“That’s great news,” mum says, coming over to give me a celebratory, but oh so gentle squeeze.
I don’t know how to feel about the prospect of moving. Having decisions about my care being so heavily influenced by economics is an unwelcome concept, and Highland is the only place I’ve known in this strange new chapter of my life. I am afraid to be leaving its caring womb for an unknown entity. Yes, the security here is insane, and the hospital is known locally as the ‘gun and knife club’ because of the high volume of gang-related injuries, but this place has only ever made me feel safe. It has been our sanctuary, our home.
Later that afternoon the phone rings again.
“I’m sorry, but there is a change of plan. The surgeons at Oakland don’t feel comfortable taking on your case, so you’ll be going to Vacaville after all”.
Mum puts the phone down, deflated. A nurse lifts my leg too high and I scream in agony. Mum cries.
I drift in and out of sleep.
Cue the circling fox.
Happy Birthday to you
Happy Birthday to you
Happy Birthday to Luuucccyyy
Happy Birthday to you
Mum and Mat burst into my room in full voice, ceremoniously placing a bag full of presents on my bedside table. Mum smiles with her whole face and pins a red ‘Birthday Girl’ rosette onto my gown. I decide that spending my birthday in ICU is actually kind of cool.
Mat comes around to my other side and presents me with a second bag of gifts. I open the first, wrapped in blue tissue paper, and unveil a roll of small blue plastic bags.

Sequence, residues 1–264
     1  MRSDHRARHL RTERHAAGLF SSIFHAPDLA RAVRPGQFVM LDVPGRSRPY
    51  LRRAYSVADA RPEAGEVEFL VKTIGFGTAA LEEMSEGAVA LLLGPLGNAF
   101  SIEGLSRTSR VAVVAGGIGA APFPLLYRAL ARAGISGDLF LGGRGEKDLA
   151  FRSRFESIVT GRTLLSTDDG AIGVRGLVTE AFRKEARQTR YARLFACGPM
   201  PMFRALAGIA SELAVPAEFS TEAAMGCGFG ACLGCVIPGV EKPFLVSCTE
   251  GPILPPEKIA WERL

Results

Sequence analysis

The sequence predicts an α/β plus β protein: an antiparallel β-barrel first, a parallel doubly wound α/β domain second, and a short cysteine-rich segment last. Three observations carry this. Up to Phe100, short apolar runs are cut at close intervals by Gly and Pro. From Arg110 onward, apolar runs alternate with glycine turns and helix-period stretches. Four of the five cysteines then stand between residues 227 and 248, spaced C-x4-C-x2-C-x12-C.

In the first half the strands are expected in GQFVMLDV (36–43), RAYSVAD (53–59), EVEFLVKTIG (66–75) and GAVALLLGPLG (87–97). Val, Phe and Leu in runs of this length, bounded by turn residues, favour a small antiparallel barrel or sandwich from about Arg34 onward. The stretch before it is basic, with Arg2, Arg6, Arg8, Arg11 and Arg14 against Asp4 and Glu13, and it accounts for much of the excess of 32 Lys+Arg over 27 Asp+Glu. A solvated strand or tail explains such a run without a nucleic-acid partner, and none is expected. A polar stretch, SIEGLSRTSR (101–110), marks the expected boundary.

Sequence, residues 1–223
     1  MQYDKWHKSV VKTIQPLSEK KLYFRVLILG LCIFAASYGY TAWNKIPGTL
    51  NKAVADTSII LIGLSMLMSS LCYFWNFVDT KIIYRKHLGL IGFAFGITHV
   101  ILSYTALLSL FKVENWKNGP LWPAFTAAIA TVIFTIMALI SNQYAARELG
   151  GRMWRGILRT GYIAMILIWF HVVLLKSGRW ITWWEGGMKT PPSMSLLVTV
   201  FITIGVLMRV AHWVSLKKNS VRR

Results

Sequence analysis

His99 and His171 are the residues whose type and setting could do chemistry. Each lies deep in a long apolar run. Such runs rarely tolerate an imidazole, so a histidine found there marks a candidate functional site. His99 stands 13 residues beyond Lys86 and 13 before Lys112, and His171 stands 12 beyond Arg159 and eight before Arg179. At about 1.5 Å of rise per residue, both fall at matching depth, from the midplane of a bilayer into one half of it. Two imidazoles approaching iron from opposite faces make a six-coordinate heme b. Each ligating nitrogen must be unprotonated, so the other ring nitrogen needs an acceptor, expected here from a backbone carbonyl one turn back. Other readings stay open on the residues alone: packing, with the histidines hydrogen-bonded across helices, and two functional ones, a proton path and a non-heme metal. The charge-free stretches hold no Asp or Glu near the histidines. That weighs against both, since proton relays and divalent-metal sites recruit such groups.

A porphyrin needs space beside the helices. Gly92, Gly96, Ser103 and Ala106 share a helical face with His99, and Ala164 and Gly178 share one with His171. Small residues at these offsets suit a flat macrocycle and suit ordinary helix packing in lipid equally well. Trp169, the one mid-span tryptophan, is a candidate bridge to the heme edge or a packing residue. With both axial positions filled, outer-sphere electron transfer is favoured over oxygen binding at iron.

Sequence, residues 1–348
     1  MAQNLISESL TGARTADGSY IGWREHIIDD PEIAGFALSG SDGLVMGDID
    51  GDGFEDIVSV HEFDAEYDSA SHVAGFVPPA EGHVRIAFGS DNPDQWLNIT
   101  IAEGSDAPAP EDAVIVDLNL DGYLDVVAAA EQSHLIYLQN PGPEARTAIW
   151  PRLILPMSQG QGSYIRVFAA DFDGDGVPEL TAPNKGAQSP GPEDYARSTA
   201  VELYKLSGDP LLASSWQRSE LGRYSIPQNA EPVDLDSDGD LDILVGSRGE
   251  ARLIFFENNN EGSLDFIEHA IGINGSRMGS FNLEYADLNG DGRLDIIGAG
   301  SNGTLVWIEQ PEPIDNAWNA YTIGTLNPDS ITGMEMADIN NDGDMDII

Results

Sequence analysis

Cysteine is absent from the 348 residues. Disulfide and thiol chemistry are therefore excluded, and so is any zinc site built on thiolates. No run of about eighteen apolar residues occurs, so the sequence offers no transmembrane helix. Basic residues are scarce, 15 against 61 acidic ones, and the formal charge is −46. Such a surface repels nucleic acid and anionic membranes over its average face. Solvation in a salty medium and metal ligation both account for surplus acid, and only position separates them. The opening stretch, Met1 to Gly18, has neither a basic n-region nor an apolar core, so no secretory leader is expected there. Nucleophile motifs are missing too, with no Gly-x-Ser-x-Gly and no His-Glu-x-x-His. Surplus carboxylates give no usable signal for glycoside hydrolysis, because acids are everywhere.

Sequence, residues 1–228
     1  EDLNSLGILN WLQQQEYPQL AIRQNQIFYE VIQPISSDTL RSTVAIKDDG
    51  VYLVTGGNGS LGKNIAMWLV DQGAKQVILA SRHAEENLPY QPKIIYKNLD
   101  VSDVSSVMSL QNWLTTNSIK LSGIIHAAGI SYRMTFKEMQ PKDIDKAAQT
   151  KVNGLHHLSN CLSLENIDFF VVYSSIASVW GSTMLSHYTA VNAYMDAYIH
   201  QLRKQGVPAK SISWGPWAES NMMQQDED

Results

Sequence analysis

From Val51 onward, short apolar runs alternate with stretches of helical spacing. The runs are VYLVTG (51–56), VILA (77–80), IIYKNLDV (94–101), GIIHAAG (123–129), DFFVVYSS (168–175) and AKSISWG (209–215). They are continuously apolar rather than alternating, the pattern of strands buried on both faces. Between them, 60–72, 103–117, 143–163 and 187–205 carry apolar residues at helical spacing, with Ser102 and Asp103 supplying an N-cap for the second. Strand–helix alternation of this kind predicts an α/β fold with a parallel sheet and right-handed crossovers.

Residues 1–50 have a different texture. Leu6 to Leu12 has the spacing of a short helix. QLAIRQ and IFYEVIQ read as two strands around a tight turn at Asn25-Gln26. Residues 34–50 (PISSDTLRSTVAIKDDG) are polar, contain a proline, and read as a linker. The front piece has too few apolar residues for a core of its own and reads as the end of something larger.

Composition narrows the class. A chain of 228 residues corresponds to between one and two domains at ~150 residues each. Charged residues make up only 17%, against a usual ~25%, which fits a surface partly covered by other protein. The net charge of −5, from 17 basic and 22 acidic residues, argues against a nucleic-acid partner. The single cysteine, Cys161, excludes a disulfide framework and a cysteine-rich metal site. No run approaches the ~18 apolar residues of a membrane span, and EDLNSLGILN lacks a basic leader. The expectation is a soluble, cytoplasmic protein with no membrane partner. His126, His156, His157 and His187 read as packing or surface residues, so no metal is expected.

“Are these poo bags?!” I ask him, presuming this to be some kind of colostomy joke.
“As soon as you get out of here,” he says, his eyes disappearing into creases, “We’re going to get you a puppy!”
He leans in to give me a hug and I raise my right arm to meet him. We embrace for a long time, a tangled mass of wires and joy. A puppy. Maybe all of this was worth it after all.
For the next few hours, we watch a video my best friends have made me and posted to YouTube, and Mat reads me the stream of messages that light up my phone.
‘Happy Birthday Lucy… well… errr… I know it’s not really a happy one but… you know… enjoy the day, as best you can’.
Bless them. People worry far too much about saying the right thing.
We spend the rest of the day in limbo, not really knowing whether or not I will be moving to Vacaville today, and at what time. While we wait for news, Mat opens my laptop and places it on my bedside table so we can mark the occasion by attempting to watch the penultimate episode of Game of Thrones.
I try and focus my eyes on the screen but still can’t make out one blur from another. It seems to help if I close my left eye, so Mat puts a flannel over it and balances a Babybel on top to keep it shut.
“Voila!” he says, seemingly pleased with this ridiculous set-up.
I still can’t see much, fall asleep throughout, and don’t really have any idea what happened, but I am happy. I am watching Game of Thrones. I am doing something normal.
I wake up to the closing music … dum dum, da da dum dum, da da dum …
My door opens.
“Are you ready for your transfer Miss Lucy?”